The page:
Once you get your rope, you actually may need to measure it and cut it for your height. I had no idea this was a thing, so I hope to save you some time by mentioning this. Here is a video on how you can measure and cut your rope:

Jumping with Proper Form

Jump roping with proper form is essential to mitigate injury and ensure a proper workout.

Here is a good video on jump rope form:

If you end up like me and tripping over the rope 100 times, here is a video that can help fix your mistakes:

Workout Regime

Okay, so you’ve got your jumping down! Now here’s a quick sample workout you can use to get you started and keep improving over time.

Final Thoughts

Jump roping has many benefits. You increase your cardio but also get a total full-body workout that can help with coordination and balance. It’s somewhat of a lost art form that’s gained some popularity as of the last couple of years. 

If you’re trying to lose weight or just need to include some more cardio into your regime overall, this is a great tool to have that you can bring anywhere with you.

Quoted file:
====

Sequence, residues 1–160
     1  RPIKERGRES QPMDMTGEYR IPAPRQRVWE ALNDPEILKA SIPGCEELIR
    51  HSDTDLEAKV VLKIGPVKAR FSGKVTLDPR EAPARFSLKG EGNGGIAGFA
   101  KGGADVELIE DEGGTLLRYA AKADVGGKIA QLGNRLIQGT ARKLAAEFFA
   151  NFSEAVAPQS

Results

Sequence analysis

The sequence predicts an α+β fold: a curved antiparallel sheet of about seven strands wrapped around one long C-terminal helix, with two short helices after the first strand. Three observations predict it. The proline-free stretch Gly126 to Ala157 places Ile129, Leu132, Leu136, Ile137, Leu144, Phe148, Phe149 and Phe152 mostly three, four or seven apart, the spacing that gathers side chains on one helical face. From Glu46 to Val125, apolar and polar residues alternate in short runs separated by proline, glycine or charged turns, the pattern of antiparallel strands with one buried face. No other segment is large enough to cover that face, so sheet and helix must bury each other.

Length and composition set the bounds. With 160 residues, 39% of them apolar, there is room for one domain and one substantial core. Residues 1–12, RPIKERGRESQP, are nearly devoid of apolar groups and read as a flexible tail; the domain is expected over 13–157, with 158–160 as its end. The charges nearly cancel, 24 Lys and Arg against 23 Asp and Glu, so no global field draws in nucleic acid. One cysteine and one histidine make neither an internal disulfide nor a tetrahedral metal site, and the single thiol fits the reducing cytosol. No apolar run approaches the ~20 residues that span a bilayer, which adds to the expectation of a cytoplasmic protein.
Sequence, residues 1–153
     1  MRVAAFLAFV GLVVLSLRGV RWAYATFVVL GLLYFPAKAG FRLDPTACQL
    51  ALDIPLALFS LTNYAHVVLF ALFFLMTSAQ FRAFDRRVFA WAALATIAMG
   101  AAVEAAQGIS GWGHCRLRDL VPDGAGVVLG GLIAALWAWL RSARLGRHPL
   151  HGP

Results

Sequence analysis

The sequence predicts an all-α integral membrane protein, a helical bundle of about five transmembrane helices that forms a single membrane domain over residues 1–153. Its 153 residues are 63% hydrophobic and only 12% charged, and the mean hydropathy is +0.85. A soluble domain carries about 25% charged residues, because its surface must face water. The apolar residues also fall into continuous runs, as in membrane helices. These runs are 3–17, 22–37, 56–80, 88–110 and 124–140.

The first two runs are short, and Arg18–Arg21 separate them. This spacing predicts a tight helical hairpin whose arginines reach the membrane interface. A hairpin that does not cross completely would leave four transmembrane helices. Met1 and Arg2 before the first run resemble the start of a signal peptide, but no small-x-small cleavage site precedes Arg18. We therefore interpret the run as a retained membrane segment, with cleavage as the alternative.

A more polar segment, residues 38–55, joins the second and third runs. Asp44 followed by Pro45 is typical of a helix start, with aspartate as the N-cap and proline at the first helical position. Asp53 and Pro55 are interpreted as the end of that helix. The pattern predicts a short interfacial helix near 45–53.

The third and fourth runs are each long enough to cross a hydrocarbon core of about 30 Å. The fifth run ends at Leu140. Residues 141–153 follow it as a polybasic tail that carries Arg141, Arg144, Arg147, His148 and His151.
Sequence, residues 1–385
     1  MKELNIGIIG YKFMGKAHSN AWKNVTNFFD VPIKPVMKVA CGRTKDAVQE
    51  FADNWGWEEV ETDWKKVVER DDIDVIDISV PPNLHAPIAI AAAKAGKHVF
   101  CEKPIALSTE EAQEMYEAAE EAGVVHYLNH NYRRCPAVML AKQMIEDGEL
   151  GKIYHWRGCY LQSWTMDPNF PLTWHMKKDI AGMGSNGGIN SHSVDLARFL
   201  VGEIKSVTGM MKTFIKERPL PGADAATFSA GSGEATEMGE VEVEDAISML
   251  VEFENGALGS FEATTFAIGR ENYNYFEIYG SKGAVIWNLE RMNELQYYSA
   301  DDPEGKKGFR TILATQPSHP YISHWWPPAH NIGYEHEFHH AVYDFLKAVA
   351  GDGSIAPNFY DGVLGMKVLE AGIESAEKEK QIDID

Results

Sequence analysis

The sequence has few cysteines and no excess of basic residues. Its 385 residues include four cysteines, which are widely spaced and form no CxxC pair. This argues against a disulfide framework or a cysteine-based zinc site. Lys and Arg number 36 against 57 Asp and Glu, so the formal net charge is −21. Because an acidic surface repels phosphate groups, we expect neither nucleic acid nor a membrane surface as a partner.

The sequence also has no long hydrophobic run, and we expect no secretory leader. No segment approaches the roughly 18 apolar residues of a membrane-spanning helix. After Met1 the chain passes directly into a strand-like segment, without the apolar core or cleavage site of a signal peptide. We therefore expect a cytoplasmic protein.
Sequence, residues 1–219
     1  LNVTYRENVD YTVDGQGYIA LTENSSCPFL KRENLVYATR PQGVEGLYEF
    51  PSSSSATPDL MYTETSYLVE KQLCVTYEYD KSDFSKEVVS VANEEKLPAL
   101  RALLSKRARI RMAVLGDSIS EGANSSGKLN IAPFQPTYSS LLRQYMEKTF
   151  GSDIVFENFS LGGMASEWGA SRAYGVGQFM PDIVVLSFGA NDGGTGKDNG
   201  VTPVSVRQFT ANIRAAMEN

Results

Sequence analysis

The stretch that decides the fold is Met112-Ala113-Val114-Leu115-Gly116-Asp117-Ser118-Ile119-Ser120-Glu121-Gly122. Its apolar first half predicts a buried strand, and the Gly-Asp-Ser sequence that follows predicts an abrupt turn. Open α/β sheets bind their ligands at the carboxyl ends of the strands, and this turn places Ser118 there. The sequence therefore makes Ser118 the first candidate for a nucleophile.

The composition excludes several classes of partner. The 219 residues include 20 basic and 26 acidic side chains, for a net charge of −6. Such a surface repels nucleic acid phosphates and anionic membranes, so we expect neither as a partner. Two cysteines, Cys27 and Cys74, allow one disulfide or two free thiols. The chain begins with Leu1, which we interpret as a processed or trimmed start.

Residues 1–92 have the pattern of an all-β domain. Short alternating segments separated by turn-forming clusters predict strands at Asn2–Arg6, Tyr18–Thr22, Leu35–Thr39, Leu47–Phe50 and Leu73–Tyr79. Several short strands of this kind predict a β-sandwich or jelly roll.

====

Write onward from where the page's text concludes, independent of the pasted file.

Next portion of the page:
Photo by cottonbro from Pexels

Do the Murph Challenge this Memorial Day

Do the Murph this Memorial Day Weekend

The Murph Challenge is a HIT workout to do every Memorial Day. It’s an excruciating workout that will kick your ass and humble you.

You’re probably asking though, what is the Murph and why should I do it?

About Lt. Michael P. Murphy and why we do the Murph Challenge

Lt. Michael P. Murphy was a Navy Seal who made the ultimate sacrifice for his teammates during Operation Redwings. Lt. Murphy heroically sacrificed his life for his teammates to save in a dire situation. Michael Murphy is a hero. Not many people are will to do that to save their teammates. It takes a very special person. We do the Murph to honor him and keep him in our memories. 

Michael Murphy

If you want to read up more on this mission and Michael Murphy in general you can check out the book called “Lone Survivor” by Marcus Luttrell. There is also a movie out about it starring Mark Wahlberg playing Marcus Luttrel and Taylor Kitsch portraying Michael Murphy. 


You can officially register for the workout via on their official website

Once registered, you can select an item of purchase and that money goes straight to the LT. Michael P. Murphy Memorial Scholarship Foundation. You can find more details out about its here 

The Murph Challenge Workout

So what is the workout?

Well, the workout consists of the following:

It’s not easy whatsoever, but if you have a pull-up bar, you should give this workout your time and dedication even if you don’t have a weighted vest. 

Final Thoughts

I do the MURPH every year now. It never gets easier, but somehow my times get better. Go figure. If you want a tip, break the workout into 10 sets of: